anything within the liquid itself; this pressure is transmitted

undiminished in all directions.</p>If a l
iquid is at rest in a

uniform gravitational field, the

<collectionlink xmlns:xlink="http://www.w3.org/1999/xlink" xlink:type="simple"
xlink:href="23619.xml">pressure</collectionlink>

<math>p</math>at any point is given by

<indentation1>

<math>p=
\
rho gz</
math>

</indentation1>

<p>where

<math>
\
rho</math>is the

<collectionlink xmlns:xlink="http://www.w3.org/1999/xlink" xlink:type="simple"
xlink:href="8429.xml">density</collectionlink>of the liquid

(assumed constant) and

<math>z</math>is the depth of the
point below the surface. Note

that this formula assumes that the pressure

<emph3>at</emph3>the free surface is zero,

<emph2>relative</emph2>to the surface level.</p>

<p>Liquids have traits of

<collectionlink xmlns:xlink="http://www.w3.org/1999/xlink" xl
ink:type="simple"
xlink:href="113302.xml">surface

tension</collectionlink>and

<collectionlink xmlns:xlink="http://www.w3.org/1999/xlink" xlink:type="simple"
xlink:href="1119771.xml">capillarity</collectionlink>; they

generally expand when heated, and cont
ract when cooled. Objects

immersed in liquids are subject to the phenomenon of

<collectionlink xmlns:xlink="http://www.w3.org/1999/xlink" xlink:type="simple"
xlink:href="245982.xml">buoyancy</collectionlink>.</p>

<p>Liquids at their respective

<
collectionlink xmlns:xlink="http://www.w3.org/1999/xlink" xlink:type="simple"
xlink:href="748873.xml">boiling

point</collectionlink>change to

<collectionlink xmlns:xlink="http://www.w3.org/1999/xlink" xlink:type="simple"
xlink:href="12377.xml">gas</collec
tionlink>es, and at their

<collectionlink xmlns:xlink="http://www.w3.org/1999/xlink" xlink:type="simple"
xlink:href="40283.xml">freezing

point</collectionlink>s, change to a

<collectionlink xmlns:xlink="http://www.w3.org/1999/xlink" xlink:type="simple"
x
link:href="27726.xml">solid</collectionlink>s. Via

<collectionlink xmlns:xlink="http://www.w3.org/1999/xlink" xlink:type="simple"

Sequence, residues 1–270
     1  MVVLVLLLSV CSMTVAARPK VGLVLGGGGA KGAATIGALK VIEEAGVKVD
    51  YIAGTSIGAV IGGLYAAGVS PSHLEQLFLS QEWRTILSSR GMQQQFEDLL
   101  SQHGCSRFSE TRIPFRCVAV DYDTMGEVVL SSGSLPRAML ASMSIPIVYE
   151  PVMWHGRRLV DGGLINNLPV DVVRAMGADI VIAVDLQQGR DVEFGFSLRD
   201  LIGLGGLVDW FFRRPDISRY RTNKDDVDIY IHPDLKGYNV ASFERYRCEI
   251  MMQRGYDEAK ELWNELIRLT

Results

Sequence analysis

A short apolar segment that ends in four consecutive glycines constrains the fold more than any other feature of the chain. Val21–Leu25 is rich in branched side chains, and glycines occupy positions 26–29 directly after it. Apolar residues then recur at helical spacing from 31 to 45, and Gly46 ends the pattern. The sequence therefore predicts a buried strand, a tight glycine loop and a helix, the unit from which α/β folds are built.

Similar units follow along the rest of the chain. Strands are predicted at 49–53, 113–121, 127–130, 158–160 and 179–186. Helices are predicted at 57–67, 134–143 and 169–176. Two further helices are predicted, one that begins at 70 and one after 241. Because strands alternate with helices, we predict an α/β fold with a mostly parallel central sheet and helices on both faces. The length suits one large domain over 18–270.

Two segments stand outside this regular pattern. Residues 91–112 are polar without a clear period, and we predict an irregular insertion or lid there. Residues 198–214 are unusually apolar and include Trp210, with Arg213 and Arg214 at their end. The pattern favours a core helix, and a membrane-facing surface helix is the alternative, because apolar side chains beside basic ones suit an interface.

xlink:href="213614.xml">fractional

distillation</collectionlink>, liquids can be separated from one

another as they

<collect
ionlink xmlns:xlink="http://www.w3.org/1999/xlink" xlink:type="simple"
xlink:href="10303.xml">vaporise</collectionlink>at their

own individual boiling points. Cohesion between

<collectionlink xmlns:xlink="http://www.w3.org/1999/xlink" xlink:type="simple"
xlink:href="19555.xml">molecule</collectionlink>s of liquid

is insufficient to prevent those at free surface from

<collectionlink xmlns:xlink="http://www.w3.org/1999/xlink" xlink:type="simple"
xlink:href="10303.xml">evaporating</collectionlink>.</p>

<p>It

should be noted that

<collectionlink xmlns:xlink="http://www.w3.org/1999/xlink" xlink:type="simple"
xlink:href="12581.xml">glass</collectionlink>at normal

temperatures is

<emph2>not</emph2>a "supercooled liquid", but a solid. See the

article on glass fo
r more details.</p>

<section>

<title>See also</title>

<normallist>

<item>

<collectionlink xmlns:xlink="http://www.w3.org/1999/xlink" xlink:type="simple"
xlink:href="1314474.xml">List of phases of

matter</collectionlink>

</item>

<item>

<unknownlink
src="ripple">ripple</unknownlink>

</item>

<item>

<collectionlink xmlns:xlink="http://www.w3.org/1999/xlink" xlink:type="simple"
xlink:href="37379.xml">specific

gravity</collectionlink>

</item>

<item>

<collectionlink xmlns:xlink="http://www.w3.org/1999/xlin
k" xlink:type="simple"
xlink:href="1538336.xml">liquid dancing</collectionlink>

</item>

</normallist>

<template name="template phase of matter">

</template>

<languagelink lang="ar">
ل ئاس
</languagelink>

<languagelink lang="bg">Течност</languagelink>

<languag
elink lang="ca">Líquid</languagelink>

<languagelink lang="cs">Kapalina</languagelink>

<languagelink lang="de">Flüssigkeit</languagelink>

<languagelink lang="es">Líquido</languagelink>

<languagelink lang="eo">Likvaĵo</languagelink>

<languagelink lang="fr">L
iquide</languagelink>

<languagelink lang="ko">
액체
</languagelink>

<languagelink lang="io">Liquido</languagelink>

<languagelink lang="id">Cairan</languagelink>

<languagelink lang="is">Vökvi</languagelink>

<languagelink lang="it">Liquido</languagelink>

<langua
gelink lang="he">
לזונ
</languagelink>

<languagelink lang="ms">Cecair</languagelink>

<languagelink lang="nl">Vloeistof</languagelink>

<languagelink lang="ja">
液体
</languagelink>

<languagelink lang="nn">Væske</languagelink>

<languagelink lang="pl">Płyn<
/languagelink>

<languagelink lang="pt">Líquido</languagelink>

<languagelink lang="ru">Жидкость</languagelink>

<unknownlink src="simple:Liquid">simple:Liquid</unknownlink>

<languagelink lang="sl">Kapljevina</languagelink>

<languagelink lang="sv">Vätska</lan
guagelink>

<languagelink lang="zh">
液体
</languagelink>

</section>&lt;/&gt;</body>

</article>